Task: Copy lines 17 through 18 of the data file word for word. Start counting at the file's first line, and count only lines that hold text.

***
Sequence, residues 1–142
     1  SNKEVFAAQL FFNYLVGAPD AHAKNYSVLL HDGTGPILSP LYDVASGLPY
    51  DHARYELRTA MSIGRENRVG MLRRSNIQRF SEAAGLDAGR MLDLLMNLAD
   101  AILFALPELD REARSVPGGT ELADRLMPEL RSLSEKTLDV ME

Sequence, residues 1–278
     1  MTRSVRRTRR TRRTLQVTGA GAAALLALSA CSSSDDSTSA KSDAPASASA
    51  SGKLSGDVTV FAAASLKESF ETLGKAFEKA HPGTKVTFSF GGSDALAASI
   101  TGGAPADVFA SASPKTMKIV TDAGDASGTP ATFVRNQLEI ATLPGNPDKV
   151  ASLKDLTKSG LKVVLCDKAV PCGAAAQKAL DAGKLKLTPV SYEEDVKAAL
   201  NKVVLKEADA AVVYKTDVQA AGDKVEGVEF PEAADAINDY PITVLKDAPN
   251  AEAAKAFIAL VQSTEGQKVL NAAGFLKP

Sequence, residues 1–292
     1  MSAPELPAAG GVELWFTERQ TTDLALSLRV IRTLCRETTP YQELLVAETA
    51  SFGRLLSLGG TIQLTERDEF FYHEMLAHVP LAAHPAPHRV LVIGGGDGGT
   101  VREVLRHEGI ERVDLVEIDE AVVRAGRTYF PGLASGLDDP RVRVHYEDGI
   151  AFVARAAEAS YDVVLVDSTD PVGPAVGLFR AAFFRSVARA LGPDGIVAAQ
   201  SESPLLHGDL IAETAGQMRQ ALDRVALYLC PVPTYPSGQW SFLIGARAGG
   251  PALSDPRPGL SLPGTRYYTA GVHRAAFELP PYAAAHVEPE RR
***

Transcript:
   201  SESPLLHGDL IAETAGQMRQ ALDRVALYLC PVPTYPSGQW SFLIGARAGG
   251  PALSDPRPGL SLPGTRYYTA GVHRAAFELP PYAAAHVEPE RR